Anyway, like I've been saying, the result of the election is already determined. I'll get back on track trying to explain all of that later. Unfortunately, we still have to go through the motions of silly season.  Last night's debate was dominated by this silly slap fight. The candidates had to talk about the credit card stuff in response to the very first question and came back to it several times throughout the night. It's hard to say who looked worse.

Assume for a second that there are voters who honestly care about the credit card business as though it were a serious election determining matter.  I don't think there are many but if there are, LaToya probably didn't convince them of much. First she insisted that nothing she spent any money on violated any rules and instead, "advanced the City of New Orleans."  So Dennis Woltering went into the specifics of some of those expenditures reported on here by David Hammer to which she only repeated herself. Also I think she said "best practices" a few times.  It's really difficult to convey just how much condescension drips from LaToya's voice when she talks about this stuff and how grating that is. It's a good thing for her there aren't many undecided voters who are persuadable based on this issue.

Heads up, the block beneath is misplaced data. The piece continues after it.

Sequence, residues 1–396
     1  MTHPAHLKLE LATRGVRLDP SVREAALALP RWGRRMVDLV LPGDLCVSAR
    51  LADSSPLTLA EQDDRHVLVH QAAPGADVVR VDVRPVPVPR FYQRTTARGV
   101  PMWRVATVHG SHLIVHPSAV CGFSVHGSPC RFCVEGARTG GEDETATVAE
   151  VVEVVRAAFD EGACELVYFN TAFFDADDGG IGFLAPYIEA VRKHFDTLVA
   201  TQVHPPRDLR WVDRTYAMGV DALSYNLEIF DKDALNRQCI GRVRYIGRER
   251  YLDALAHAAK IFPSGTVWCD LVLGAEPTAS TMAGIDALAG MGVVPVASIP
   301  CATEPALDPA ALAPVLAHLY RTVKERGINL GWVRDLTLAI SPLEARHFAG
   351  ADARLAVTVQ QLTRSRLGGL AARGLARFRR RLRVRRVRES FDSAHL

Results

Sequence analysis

Next, LaToya asserted that Desiree "manipulated the documents" without explaining how the facts are any different due to that "manipulation."  Remarkably, this was enough to put Charbonnet on the defensive but only because Desi allowed it to. During one particularly stupid bit Desiree exclaimed,  "I DID NOT TOUCH YOUR DOCUMENTS"  before offering, "the campaign did all that." This will surely reassure voters who may have had concerns about Desi's independence.